Part 1 - Understanding Athletic Movements Across the X Axis

Lesson Goals for Part 1

  • What You'll Learn

    • After working through the first part of the lesson, you will have a clear understanding of the foundational movement pattern that underpins the athletic movements across a wide variety of sports. 

  • Why Learn It? 

    • The Golf Like An Athlete approach is centered on approaching the golf swing using the same movement pattern that underpins a variety of sport movements you have already intuitively mastered

    • Understanding this common movement pattern is foundational to learning how to re-platform your swing 

What is an "Athletic Movement Across the X Axis"?

 

What do the following athletic movements all have in common?

  • Swinging a baseball bat

  • Swinging a tennis racquet

  • Throwing a football

  • Throwing a baseball

  • Throwing a frisbee

  • A hockey slapshot 

  • Swinging a golf club

They are all movements designed to move an object horizontally in space!

While all of the sports associated with these movements are unique in a multitude of ways, the core bodily movements involved are incredibly similar because at a foundational level, because they are all based on the need for the athlete to move an object horizontally through space.

 

The body is preset with a basic understanding of how to fluidly move in a way that can move an object horizontally in space. This is why many of us can pick up a football and throw it with decent accuracy and little practice, or throw a frisbee across a field with relative ease. This is also why the pathway to truly simplifying and improving needs to start by looking at these related athletic movements as guideposts.

 

It's also helpful to contemplate athletic movements that are not relevant to our pursuit of the golf swing, such as a shooting a basketball or kicking a soccer ball.

  • If you can imagine a basketball player standing at the foul line taking a foul shot, the core athletic movement involved produces an object that moves primarily vertically in space, and thus isn't as applicable to study in the context of the golf swing.

  • Kicking a soccer ball is a little tricker, as it objectively involves a movement aimed at moving an object horizontally in space. However, the key difference between kicking a soccer ball and all the other horizontal movements outlined above is that your movement during a soccer kick is focused on building power in your lower body and then releasing that power through your lower body. All of the other horizontal movements we covered focus on building power in your lower body which gets released through UPPER BODY ROTATION.

The soccer example is great because it helps us even further refine just how similar throwing a frisbee and football or swinging a baseball bat or tennis racquet truly are. Not only are they movements designed to move an object horizontally in space, but they all involve building power in your lower body and then releasing that power through upper body rotation. 

 

Understanding the Foundations of X Axis Based Athletic Movements

 

Let's check out a few examples of X Axis movement.

 

Throwing a Football: Pay specific attention to Tom's front leg (left leg) and how he uses it to pull his body through the throw.

 

 

 

 

 

 

 

 

 

 

 

 

 

 

 

 

Throwing a Frisbee: This is an incredible view of weight transfer. We see all of the throwers weight on their back leg initially, and then an almost complete shift to the front leg which he uses to pull his body through the throw.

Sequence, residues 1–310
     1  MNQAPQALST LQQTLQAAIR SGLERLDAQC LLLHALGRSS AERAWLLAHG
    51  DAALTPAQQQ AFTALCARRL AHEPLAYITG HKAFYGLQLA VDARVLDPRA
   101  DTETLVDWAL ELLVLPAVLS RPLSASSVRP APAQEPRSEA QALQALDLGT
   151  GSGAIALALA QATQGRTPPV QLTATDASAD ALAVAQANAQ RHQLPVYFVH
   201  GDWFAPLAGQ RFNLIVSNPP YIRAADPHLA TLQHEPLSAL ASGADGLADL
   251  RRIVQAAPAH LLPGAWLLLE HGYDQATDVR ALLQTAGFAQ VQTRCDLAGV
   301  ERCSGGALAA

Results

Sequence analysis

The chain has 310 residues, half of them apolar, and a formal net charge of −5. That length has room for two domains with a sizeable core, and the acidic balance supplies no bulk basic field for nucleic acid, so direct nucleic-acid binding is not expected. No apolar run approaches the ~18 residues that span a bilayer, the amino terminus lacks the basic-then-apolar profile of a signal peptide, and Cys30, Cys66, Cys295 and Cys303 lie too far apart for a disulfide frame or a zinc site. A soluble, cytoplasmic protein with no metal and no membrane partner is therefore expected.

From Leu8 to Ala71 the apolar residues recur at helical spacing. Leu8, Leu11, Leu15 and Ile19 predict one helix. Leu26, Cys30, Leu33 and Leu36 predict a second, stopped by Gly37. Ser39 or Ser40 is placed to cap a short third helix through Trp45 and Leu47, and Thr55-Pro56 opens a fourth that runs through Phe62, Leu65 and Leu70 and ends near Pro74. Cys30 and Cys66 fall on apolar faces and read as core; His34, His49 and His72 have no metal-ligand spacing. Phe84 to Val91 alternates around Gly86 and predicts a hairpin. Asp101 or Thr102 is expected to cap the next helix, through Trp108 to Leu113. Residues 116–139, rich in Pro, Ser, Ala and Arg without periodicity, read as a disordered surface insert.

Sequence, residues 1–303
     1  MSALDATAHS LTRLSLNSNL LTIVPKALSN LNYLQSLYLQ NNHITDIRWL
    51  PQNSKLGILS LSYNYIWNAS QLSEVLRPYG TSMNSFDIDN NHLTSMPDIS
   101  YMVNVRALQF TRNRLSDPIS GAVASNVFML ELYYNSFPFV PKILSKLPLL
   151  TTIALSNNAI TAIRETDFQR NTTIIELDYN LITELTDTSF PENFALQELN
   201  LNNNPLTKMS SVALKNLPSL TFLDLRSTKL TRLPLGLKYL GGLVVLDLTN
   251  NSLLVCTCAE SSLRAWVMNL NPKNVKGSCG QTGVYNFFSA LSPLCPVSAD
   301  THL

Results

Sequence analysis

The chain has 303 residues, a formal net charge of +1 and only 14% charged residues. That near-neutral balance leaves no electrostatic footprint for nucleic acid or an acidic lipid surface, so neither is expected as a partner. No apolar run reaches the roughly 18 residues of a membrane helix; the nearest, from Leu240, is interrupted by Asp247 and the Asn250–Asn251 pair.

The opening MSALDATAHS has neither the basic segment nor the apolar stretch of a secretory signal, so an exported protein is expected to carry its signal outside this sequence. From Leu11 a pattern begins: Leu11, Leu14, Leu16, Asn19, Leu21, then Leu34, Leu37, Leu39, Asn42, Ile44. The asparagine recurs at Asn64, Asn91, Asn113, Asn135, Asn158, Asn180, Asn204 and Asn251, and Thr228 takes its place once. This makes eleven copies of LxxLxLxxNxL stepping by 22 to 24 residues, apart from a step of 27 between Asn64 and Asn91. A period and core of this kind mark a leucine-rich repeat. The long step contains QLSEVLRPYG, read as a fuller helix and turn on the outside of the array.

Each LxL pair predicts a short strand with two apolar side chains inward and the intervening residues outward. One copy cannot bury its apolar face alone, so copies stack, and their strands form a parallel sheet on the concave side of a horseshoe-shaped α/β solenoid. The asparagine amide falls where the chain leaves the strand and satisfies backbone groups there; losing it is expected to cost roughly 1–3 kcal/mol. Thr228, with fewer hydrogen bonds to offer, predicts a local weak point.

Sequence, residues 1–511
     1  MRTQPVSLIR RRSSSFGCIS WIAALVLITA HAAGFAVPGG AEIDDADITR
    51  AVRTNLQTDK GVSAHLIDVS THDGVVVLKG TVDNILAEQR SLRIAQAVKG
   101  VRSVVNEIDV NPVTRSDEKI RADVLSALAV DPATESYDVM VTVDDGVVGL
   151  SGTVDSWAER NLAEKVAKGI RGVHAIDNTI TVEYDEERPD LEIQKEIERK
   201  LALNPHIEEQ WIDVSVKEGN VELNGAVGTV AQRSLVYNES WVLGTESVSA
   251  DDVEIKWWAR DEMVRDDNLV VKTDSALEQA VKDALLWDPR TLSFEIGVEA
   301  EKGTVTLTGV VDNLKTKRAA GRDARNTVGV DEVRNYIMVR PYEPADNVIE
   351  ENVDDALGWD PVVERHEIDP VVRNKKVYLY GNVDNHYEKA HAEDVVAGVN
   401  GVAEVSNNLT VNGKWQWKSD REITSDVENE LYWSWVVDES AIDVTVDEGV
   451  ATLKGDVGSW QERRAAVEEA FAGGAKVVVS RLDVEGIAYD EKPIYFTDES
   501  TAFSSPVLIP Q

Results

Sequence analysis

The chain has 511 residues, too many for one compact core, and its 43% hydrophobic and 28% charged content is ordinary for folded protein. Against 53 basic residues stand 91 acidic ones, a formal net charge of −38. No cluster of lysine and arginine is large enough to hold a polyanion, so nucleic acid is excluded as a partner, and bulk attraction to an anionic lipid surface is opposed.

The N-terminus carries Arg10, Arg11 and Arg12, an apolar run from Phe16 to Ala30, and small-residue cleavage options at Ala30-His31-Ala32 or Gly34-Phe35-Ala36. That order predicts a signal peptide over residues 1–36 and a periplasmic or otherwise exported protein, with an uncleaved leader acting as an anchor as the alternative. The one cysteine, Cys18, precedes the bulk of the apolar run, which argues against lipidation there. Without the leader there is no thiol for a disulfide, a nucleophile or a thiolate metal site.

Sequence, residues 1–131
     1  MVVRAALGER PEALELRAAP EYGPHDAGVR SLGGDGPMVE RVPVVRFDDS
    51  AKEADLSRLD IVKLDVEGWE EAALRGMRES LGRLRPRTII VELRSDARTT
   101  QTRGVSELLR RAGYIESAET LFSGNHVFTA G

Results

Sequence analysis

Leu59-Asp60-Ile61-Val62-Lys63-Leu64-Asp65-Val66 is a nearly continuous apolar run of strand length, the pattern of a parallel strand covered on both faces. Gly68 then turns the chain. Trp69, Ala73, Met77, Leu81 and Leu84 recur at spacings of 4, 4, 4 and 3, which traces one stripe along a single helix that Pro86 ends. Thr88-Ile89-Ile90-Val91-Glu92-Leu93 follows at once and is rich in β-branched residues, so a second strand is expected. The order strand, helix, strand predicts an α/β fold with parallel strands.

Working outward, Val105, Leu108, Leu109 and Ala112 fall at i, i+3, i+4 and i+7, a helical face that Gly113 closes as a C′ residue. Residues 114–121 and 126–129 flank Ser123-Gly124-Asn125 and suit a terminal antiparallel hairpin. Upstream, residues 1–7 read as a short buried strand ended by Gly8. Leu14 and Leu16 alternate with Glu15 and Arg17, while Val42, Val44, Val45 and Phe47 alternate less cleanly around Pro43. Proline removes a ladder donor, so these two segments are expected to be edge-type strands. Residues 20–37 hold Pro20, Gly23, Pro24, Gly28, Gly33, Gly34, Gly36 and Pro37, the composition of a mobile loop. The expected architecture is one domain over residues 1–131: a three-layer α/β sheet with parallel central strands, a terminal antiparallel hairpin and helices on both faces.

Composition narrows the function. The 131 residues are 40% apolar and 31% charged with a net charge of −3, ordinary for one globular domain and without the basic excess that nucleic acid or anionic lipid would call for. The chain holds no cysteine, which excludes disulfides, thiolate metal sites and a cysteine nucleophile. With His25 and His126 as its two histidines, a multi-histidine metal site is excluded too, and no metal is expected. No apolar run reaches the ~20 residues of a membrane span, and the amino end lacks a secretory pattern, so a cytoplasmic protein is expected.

Swinging a Baseball Bat: I love this video, focus in exclusively on how Mike Trout initiates his swing with pulling all his weight to his back foot (by lifting his front foot off the air it forces him to load up on his back leg, then watch how he plants his left leg and uses it to pull his body through the swing.

 

 

Swinging a Tennis Racquet: Check out the first few swings in this video compilation of great slow motion backhands. What do you notice? Loading up on the back leg, transitioning the weight to the front leg, and then pulling the body through....

 
 
 
How does this relate to the golf swing?

 

If you believe that the golf swing is an athletic movement designed to get an object to move horizontally in space (and that lower body power released through upper body rotation is the foundation of the swing), then you are hopefully beginning to realize where your swing has been going wrong.

 

Go up to the range and ask any amateur golfer there hitting inconsistently what they are thinking about when they swing the club and the answers will invariably include...

  • I'm trying to control the club face

  • I'm thinking about pushing the club back with my left shoulder

  • I'm thinking about my chest turn

  • I'm trying to get the shaft parallel to the ground at the end of the takeaway

  • I'm focused on cocking my wrists

  • Setting my wrist angles at impact

  • And a 100 different variations of these general themes

But that's the issue that we all have, we are all thinking about everything OTHER then the foundational pillars of X axis based athletic movements, which are the 3 phases of lower body movement!!!

  1. Getting your weight loaded up on the back leg

  2. Transitioning that weight load to the front leg

  3. Using the momentum of the transition and strength built up in your front leg to pull your body through the swing

The worst part of this all is that the very act of thinking about something other then using our natural athletic instincts to move across a horizontal plane, we neutralize our natural athletic tendencies and succumb to a never ending cycle of upper body driven movements that lead to virtually all of our swing faults.

Apply this learning to the golf swing in Part 2.